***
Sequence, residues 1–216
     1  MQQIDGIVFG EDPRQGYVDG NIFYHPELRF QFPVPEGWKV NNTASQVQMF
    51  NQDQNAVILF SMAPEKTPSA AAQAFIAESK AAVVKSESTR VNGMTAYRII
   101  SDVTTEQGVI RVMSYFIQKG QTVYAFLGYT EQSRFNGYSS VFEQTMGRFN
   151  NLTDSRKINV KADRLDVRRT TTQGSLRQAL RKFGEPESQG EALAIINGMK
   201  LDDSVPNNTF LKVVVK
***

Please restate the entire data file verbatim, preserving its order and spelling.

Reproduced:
Sequence, residues 1–216
     1  MQQIDGIVFG EDPRQGYVDG NIFYHPELRF QFPVPEGWKV NNTASQVQMF
    51  NQDQNAVILF SMAPEKTPSA AAQAFIAESK AAVVKSESTR VNGMTAYRII
   101  SDVTTEQGVI RVMSYFIQKG QTVYAFLGYT EQSRFNGYSS VFEQTMGRFN
   151  NLTDSRKINV KADRLDVRRT TTQGSLRQAL RKFGEPESQG EALAIINGMK
   201  LDDSVPNNTF LKVVVK